On the streets, first impressions:

Venice- an abundance of brilliant surface detail, buildings, waterways, bridges; you could wander happily amongst churches and cafes for days on end and never glimpse a true Venetian, never see beyond the mask the city puts up for the tourists.

Edinburgh -wears its history proudly for all the tourists to see, the Golden Mile is bursting with ghost tours and kilted bagpipers, and everywhere you look there is another historic and stunning castle, kirk yard or blackened monument to photograph.

Dublin- Around Merrion Square the houses are laden with plaques marking past happenings, Schroedinger worked here, Oscar Wilde lived here ect. every other building tells of the cities proud history of literary, scientific and artistic achievement.

Belfast- The plaques and murals on the walls memorialise killings and killers. The history of violence and division can be seen in the walls still standing and the gates that still close every night dividing up the residents of Shankill Road and Fall Street. These are two sides with two distinct stories sharing one city.

As I've wandered about seeing the sights I've come across artists who are also in conversation with the city streets, using them as material, as a stage and a place to find an audience.

Art – taken from the streets: 
This could be a place of historical importance.
Braco Dimitrijevic's wall plaque at Dublin Contemporary 2011 was a great reminder of the blinkers we put on when we only look at a city the way the tourist board wants us to.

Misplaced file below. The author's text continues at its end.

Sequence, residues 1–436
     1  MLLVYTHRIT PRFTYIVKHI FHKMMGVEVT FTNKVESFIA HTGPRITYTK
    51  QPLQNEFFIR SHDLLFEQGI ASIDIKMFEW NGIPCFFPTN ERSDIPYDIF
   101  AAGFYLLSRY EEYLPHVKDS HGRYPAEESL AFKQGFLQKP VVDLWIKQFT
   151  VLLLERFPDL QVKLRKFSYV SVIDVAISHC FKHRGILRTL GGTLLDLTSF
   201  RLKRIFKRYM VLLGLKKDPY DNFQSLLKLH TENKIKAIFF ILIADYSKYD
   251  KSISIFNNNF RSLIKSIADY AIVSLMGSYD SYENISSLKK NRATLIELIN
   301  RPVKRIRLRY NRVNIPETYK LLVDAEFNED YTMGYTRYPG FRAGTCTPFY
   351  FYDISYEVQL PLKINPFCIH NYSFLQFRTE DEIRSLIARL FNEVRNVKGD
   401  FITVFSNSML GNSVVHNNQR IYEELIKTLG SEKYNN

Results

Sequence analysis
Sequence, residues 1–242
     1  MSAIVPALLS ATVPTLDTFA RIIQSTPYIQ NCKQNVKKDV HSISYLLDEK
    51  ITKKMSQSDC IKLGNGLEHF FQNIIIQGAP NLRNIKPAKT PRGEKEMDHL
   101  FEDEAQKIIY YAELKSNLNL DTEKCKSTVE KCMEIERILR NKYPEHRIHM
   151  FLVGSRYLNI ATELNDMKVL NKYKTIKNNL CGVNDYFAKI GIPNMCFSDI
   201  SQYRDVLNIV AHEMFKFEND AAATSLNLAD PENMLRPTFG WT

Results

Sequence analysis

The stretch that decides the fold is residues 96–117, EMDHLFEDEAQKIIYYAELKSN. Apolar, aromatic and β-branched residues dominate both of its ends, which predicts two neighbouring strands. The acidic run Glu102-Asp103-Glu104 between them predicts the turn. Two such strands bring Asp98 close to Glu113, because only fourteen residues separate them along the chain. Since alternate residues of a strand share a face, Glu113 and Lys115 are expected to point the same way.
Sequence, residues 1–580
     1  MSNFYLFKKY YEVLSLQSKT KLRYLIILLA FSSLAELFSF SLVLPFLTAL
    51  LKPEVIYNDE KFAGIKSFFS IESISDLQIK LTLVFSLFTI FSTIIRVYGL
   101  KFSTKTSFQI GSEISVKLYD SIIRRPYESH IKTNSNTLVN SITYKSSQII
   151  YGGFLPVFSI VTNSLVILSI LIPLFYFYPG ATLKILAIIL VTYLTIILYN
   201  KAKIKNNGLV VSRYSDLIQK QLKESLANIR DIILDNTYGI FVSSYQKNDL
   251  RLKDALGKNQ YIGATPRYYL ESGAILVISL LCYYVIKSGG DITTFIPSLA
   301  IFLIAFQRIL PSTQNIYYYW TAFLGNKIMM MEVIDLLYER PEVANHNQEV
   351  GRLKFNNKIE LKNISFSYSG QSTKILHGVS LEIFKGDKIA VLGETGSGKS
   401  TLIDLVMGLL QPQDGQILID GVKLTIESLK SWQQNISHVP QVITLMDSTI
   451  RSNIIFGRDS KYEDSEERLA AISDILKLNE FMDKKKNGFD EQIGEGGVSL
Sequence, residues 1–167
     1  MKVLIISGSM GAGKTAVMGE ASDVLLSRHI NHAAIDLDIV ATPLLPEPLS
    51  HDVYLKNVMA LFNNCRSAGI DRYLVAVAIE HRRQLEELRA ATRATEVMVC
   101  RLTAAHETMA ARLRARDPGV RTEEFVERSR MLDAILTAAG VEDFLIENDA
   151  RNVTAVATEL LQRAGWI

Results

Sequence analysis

Low Road: 
Another artist asking us to look at city streets differently is Ingrid Calame, an American artist whose work I saw at the Fruitmarket Gallery in Edinburgh. In this body of work she has taken tracings directly from the street, and using those nothing marks we walk over every day as the starting point for her work she draws our focus to detail which usually goes unnoticed underfoot.

Path Art: 
Also in Edinburgh I came across h57collective a group of artists and non-artists creating an alternative art space on the trees along Jawbone Walk . This thoroughfare, which is more likely to be used by local students than tourist hordes, places art alongside weekend soccer skirmishes and ultimate Frisbee collisions in the Meadows. The work, exposed to the elements is there to be seen, changed by the weather, added to by a passer by and perhaps even taken home in somebody's pocket.

Inside and Out: 
Dublin graffiti artist Maser's piece Emancipate Yourself is at Dublin Contemporary, but the work exists outside on the streets as well. The artist uses the streets as both platform and inspiration for his message of positivity in a downtrodden city, his bold and colourful text and image based works merging street, pop and fine art.

Outside In and Inside Out: 
Entering the Central Pavillion at the 54th Venice Biennale there is a lot to see, and peering down from the rafters high above the Tinteretto's are dozens of taxidermied pigeons, reminding us of the noisy squalor of Venice that sits alongside the splendid. 

In Venice the pigeons are inside and the naked men are outside. On the very tip of the Sestiere Dorsodoro is a larger than life statue of a naked young boy holding a rat. The Biennale alumnus, who passed away in July this year, Lucian Freud painted a frail and raw portrait titled Naked man with a rat. In stark opposition to this, the boy standing tall in Venice is super human and gleaming, he makes everything around him small and squalid by comparison. Perhaps together, the pigeons, Tinteretto and the two rat artworks are an apt portrait of the city? That mix of Venice's brilliant exterior and masked humanity allowing for a glimpse of the city as it really is. At least that's the story I made up for myself.

To many, street art translates as graffiti, tags, and destruction of property. In my travels of late street art has translated itself to a broad conglomeration of stories about and on the streets I have been visiting. And I have to give my thanks to all the street artists who have enlivened my visits to so many of the worlds great cities.

street art in Istanbul